Released on a double bill with The Astonishing She-Monster, this Roger Corman-directed epic was the result of a pitch by a special effects company, believe it or not.
Corman was approached by special effects experts Irving Block (who wrote Forbidden Planet) and Jack Rabin (whose credits include everything from the effects for The Night of the Hunter to Humanoids from the Deep, The Norseman, Deathsport and the TV pilot for The Adventures of Superpup), with the duo making an oral presentation that won him over. Block and Rabin agreed to work for a small fee in exchange for a cut of the profits, with American-International Pictures putting up the financing.
With 1958’s The Vikings in theaters, Corman wanted to get this one out fast and cash in. That said, it was a lot of work, with nearly seventy camera set-ups a day. And the shooting was dangerous, too, with actors nearly drowning, almost riding horses off the cliffs of Bronson’s Canyon and getting hurt.
In the article “Wasps! Vikings! Sea Serpents!” in Fangoria 52, actor Richard Devon said that Viking Women was “a disastrous film to work on. It was as if Roger was really trying to shorten his skimpy shooting schedules even more than before. He didn’t waste a frame. Nor did he spare anyone’s feelings on the set. He was an absolute demon.”
It’s the tale of the Viking women — of course — who head out to rescue their missing men, led by Desir (Abby Dalton, Rock All Night; she replaced Kipp Hamilton*, who held out for more money).
Their husbands, brothers and sons have been taken by Stark (Devon) of the Grimaults and made to work in the mines. There’s also the matter of dealing with a sea serpent, which is dealt with thanks to the heroic sacrifice of Vedric (Brad Jackson, once billed as “The World’s Youngest Magician” whose career faded due to his obsession with reincarnation and the occult).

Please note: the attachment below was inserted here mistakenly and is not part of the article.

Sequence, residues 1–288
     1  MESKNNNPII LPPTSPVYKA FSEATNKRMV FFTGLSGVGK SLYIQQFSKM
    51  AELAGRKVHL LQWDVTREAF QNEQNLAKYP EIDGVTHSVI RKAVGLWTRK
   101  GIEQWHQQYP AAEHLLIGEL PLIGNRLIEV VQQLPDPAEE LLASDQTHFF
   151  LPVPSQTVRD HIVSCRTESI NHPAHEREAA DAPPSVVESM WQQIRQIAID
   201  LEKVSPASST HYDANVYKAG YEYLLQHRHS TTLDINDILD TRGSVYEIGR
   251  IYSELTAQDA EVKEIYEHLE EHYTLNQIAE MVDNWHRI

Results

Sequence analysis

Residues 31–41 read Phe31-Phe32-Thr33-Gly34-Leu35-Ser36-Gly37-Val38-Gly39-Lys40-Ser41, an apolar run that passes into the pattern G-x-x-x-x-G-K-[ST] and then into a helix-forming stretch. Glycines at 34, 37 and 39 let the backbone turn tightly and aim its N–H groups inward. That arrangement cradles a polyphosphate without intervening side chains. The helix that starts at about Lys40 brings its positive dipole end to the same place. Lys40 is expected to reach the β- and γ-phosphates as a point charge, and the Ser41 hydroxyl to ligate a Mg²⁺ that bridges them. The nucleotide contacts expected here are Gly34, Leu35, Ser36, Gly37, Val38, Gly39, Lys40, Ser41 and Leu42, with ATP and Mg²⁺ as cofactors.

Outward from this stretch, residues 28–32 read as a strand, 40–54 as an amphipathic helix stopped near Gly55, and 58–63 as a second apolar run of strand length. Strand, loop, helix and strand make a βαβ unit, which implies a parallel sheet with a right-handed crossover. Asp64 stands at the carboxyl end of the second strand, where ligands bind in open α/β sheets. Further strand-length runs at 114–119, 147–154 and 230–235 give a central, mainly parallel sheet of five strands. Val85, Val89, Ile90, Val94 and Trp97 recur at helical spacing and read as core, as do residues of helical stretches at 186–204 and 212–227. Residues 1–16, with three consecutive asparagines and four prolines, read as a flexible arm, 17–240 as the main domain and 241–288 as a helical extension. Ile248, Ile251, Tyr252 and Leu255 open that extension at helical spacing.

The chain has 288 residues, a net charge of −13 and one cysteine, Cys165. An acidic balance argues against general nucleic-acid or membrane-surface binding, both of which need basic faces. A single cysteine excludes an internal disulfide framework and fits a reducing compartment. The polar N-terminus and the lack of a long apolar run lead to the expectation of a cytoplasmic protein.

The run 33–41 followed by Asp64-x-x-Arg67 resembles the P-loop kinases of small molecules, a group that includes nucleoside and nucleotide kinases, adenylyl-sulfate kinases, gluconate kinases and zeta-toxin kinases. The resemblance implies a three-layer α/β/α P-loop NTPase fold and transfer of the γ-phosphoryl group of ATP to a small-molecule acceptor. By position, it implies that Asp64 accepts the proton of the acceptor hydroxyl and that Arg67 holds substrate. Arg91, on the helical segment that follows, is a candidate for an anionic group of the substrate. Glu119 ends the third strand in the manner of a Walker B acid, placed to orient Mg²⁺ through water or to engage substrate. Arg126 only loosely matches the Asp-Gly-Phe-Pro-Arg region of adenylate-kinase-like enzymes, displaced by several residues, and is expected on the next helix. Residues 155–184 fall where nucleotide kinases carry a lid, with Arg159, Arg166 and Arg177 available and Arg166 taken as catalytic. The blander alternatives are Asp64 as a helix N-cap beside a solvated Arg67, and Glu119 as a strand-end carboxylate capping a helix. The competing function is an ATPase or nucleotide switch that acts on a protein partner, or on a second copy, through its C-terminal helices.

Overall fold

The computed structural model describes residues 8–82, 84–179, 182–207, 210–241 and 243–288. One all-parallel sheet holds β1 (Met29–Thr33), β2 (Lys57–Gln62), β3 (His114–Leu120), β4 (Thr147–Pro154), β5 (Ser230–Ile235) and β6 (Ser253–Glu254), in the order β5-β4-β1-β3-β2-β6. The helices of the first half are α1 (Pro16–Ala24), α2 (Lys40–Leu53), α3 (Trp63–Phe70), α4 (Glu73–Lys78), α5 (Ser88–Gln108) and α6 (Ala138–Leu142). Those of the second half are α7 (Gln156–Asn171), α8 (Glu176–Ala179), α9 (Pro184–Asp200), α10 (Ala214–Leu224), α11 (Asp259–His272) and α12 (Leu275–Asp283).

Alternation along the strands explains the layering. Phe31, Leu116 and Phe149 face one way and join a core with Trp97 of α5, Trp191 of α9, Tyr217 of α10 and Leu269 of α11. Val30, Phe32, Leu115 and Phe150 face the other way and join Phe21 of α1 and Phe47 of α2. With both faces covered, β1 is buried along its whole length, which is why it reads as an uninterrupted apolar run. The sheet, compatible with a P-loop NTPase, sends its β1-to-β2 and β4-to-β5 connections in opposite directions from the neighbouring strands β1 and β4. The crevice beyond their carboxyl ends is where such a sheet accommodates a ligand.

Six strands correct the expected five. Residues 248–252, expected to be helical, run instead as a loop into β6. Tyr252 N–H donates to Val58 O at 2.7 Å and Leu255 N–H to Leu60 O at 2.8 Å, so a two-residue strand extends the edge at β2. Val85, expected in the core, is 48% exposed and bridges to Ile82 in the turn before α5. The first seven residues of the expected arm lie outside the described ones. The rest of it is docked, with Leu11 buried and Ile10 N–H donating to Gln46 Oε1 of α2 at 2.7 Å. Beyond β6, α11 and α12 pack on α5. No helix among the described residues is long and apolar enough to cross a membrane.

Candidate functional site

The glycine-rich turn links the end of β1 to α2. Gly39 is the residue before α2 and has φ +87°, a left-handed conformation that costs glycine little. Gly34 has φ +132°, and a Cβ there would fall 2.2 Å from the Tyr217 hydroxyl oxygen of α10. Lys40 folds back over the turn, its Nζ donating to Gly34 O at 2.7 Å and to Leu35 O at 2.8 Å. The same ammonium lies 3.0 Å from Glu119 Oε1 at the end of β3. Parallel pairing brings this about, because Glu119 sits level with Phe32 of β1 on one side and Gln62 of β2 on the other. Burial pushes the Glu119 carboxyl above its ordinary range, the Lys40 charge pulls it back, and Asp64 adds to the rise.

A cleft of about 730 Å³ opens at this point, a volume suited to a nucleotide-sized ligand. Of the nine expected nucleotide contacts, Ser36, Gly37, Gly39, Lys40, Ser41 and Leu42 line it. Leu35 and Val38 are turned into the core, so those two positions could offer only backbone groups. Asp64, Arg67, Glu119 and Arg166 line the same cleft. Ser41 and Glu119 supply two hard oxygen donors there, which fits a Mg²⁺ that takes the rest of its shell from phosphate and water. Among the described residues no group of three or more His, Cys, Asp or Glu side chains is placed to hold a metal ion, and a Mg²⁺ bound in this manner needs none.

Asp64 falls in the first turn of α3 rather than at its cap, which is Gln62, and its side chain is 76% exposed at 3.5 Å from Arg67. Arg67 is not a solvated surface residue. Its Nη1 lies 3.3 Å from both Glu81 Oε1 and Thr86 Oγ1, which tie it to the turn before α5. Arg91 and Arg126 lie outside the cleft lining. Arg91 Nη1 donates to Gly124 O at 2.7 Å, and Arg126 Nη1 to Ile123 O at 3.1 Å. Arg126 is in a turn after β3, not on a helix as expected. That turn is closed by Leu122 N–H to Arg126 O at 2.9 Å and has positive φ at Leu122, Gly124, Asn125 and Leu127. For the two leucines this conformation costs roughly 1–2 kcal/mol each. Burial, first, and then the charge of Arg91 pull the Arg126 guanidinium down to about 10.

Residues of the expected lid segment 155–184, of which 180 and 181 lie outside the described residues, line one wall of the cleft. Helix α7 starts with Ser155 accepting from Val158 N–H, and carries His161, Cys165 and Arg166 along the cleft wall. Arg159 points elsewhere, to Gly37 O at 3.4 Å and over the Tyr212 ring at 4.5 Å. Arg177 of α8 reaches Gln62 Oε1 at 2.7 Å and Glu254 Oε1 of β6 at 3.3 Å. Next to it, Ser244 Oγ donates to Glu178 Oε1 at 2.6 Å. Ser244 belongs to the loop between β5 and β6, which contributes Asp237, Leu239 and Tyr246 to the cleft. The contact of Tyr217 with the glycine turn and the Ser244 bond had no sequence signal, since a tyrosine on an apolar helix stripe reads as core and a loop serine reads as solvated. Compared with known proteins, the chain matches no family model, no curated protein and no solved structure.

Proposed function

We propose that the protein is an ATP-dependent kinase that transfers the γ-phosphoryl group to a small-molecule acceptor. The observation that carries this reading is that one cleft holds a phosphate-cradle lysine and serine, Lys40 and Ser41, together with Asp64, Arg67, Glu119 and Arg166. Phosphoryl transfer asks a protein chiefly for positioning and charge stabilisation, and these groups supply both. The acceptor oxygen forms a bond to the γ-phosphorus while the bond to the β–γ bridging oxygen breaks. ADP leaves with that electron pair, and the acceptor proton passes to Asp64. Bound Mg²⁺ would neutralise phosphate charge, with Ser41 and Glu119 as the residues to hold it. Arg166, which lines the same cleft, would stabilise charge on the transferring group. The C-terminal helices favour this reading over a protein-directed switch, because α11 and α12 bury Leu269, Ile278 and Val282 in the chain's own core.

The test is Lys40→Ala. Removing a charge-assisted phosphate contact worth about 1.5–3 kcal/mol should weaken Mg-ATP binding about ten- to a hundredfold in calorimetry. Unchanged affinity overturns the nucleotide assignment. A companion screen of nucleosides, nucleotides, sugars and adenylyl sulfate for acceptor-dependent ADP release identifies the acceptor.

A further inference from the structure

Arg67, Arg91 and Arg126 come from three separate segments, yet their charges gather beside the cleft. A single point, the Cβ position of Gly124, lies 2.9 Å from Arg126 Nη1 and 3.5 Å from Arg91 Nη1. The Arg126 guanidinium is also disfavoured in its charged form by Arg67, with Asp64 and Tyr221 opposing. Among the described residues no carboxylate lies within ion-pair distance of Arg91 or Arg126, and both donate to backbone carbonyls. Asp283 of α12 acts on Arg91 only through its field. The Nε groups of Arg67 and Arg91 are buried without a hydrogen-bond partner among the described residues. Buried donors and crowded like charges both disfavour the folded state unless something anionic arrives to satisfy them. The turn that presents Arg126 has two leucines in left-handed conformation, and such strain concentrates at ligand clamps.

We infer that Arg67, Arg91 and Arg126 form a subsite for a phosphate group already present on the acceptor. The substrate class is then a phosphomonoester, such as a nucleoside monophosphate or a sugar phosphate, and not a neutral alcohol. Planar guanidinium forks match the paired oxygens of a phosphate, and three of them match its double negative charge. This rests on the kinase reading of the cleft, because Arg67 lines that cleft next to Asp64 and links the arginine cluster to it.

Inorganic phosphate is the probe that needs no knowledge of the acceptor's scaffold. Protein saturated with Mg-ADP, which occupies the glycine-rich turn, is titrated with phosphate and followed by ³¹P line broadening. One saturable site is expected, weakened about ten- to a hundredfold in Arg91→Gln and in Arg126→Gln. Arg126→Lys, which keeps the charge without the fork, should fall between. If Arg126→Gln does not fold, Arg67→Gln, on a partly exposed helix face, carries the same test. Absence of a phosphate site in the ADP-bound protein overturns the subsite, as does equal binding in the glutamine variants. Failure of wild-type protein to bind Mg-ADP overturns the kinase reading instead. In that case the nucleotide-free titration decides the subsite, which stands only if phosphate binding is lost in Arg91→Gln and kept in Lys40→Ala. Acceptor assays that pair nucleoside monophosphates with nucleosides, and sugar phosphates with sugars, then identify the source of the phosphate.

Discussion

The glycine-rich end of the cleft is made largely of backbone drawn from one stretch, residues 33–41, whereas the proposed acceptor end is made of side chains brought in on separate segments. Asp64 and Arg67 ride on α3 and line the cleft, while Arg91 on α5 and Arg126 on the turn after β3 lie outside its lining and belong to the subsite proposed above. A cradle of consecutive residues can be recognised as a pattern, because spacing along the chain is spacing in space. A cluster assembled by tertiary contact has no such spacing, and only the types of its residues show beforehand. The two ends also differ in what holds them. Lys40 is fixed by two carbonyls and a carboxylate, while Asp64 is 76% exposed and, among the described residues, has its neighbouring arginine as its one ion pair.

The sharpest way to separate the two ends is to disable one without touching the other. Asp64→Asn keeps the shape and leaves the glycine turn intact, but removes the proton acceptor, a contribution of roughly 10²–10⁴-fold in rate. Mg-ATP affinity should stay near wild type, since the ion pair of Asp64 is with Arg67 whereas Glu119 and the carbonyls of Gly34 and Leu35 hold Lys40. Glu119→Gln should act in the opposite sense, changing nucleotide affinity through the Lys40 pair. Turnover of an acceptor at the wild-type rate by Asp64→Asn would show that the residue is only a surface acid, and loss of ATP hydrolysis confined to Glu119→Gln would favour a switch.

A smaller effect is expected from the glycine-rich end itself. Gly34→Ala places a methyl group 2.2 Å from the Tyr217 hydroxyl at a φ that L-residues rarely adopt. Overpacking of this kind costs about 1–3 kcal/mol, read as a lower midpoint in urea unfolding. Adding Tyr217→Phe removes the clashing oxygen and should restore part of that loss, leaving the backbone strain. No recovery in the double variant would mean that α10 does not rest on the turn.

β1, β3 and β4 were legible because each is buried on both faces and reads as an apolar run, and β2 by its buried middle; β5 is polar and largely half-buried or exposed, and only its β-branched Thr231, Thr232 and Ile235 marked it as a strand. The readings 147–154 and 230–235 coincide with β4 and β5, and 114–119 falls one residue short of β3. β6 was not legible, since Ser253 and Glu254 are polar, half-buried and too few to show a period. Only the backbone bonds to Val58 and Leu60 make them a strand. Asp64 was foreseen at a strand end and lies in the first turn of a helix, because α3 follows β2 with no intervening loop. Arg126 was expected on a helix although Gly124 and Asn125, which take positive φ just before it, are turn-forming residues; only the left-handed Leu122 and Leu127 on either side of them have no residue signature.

Also appearing are Susan Cabot (who was in plenty of Corman’s films, such as The Wasp Woman and War of the Satellites), June Kenney (the good girl gone bad in movies such as Sorority Girl and Teenage Doll), Betsy Jones-Moreland (who in one Corman movie literally played the Last Woman on Earth), Pittsburgh native Jonathan Haze (The Little Shop of Horrors), Playboy February 1957 Playmate of the Month Sally Todd (Frankenstein’s Daughter) and Gary Conway (who was on TV’s Lands of the Giants). Also, if you liked the dogs in Teenage Cave Man, they’re in this movie too.
In his book, How I Made a Hundred Movies in Hollywood and Never Lost a Dime, Corman would confess that he learned “an important lesson from this movie: don’t fall for a sophisticated sales job about elaborate special effects.”
He went on to say, “I realized I had been had. (Block and Rabin) had simply promised something they could not deliver. A great sales pitch had distorted my judgment and AIPs.”
*Kipp is, of course, the singer who performs “The Words Get Stuck in My Throat” in War of the Gargantuas, a former Miss Optometry and the sister-in-law of Carol Burnett.
You can watch this on Tubi.